God Provides Peerless Transformation to Perfect His Servants

God transforms his people first in their person and then in their purpose.

Genesis 17:1, God's covenant disclosure, begins with a command, preceded by a weighty self-identification by God: "I am God Almighty; walk before me2 and be blameless."3

This is a command for peerless transformation. "Blameless" is the English translation in the NIV for tamim in Hebrew. Variously translated elsewhere "whole, complete, finished, not missing any essentials," this is a startling command. How can God give such a command to a man who for many previous years has shown himself to be anything but "tamim"—anything but blameless, whole, and complete? In fact, Abraham has shown himself to be personally and repeatedly missing faith, integrity, courage, consistency, and obedience.

God shows his answer to this problem in several ways.

First, Abraham has been commanded by one who has just identified himself as "God Almighty." Let's paraphrase God's opening words: "Because I am who I am, all powerful, I command of you to do what you cannot do and to be what you cannot be. For I can and I will give to you that which you do not have so you will be tamim. You will be tamim because I command it."

This can be likened to Jesus commanding Lazarus to "come forth" from the tomb, though Lazarus had been dead for days. Abraham has spiritual death oozing from almost every choice he's made. His middle name, spiritually speaking, is often "Rigormortis." He is and ever will be "anti-tamim". . . unless Someone else has the ability to transform his person, to make him what he cannot be in himself.

This is where the gospel floods him with grace. The apostle Paul addresses this very issue and uses Abraham as his primary illustration when he argues for imputed righteousness provided by Almighty God, who is absolutely just and the perfect justifier when he leaves "sins committed beforehand" by people like Abraham "unpunished" and finally punishes Jesus fully for them in the atoning death of Calvary:

But now a righteousness from God, apart from law, has been made known, to which the Law and the Prophets testify. This righteousness from God comes through faith in Jesus Christ to all who believe. There is no difference, for all have sinned and fall short of the glory of God, and are justified freely by his grace through the redemption that came by Christ Jesus. God presented him as a sacrifice of atonement, through faith in his blood. He did this to demonstrate his justice, because in his forbearance he had left the sins committed beforehand unpunished—he did it to demonstrate his justice at the present time, so as to be just and the one who justifies those who have faith in Jesus.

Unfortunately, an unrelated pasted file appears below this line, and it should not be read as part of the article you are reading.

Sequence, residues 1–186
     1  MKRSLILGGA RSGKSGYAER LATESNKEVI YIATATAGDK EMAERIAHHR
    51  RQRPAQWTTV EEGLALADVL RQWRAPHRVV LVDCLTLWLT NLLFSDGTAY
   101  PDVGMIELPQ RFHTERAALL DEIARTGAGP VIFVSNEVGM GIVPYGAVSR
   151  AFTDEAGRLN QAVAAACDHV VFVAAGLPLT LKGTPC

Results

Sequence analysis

Where, then, is boasting? It is excluded. On what principle? On that of observing the law? No, but on that of faith. (Rom. 3:21-27) What then shall we say that Abraham, our forefather, discovered in this matter? If, in fact, Abraham was justified by works, he had something to boast about—but not before God. What does the Scripture say? "Abraham believed God, and it was credited to him as righteousness." (Rom. 4:1-3)

Paul says it explicitly, though not using tamim, when he writes that Abraham was "credited" with righteousness—that is, accounted as tamim—by God Almighty. Without the gospel, God's command to Abraham is an utter impossibility for a wretch like him—or you, or me. In fact, any command without gospel-given grace can never, ever be kept by a sinner, even a redeemed one.

Think about the grand plan of God in Eden. Pre-fall humans were designed to obey in the context and condition of perfect tamim with God. We have lost that "completeness" due to sin. But in Christ and in Christ alone, Abraham and you are given tamim. Through grace imputed to you once-for-all by the Father and through grace infused by the Spirit, you can and finally do love truth and actually start to want to sacrifice, and even sense a beginning growth toward real honor. We develop yieldedness and surrender to God's kingdom cause, and all because of that imputed righteousness and the infused grace that follows from it. Soon, we find ourselves not merely admiring William Wilberforce, or Amy Carmichael, or John Paton, or Mother Teresa. We yearn with tearful passion to be like them.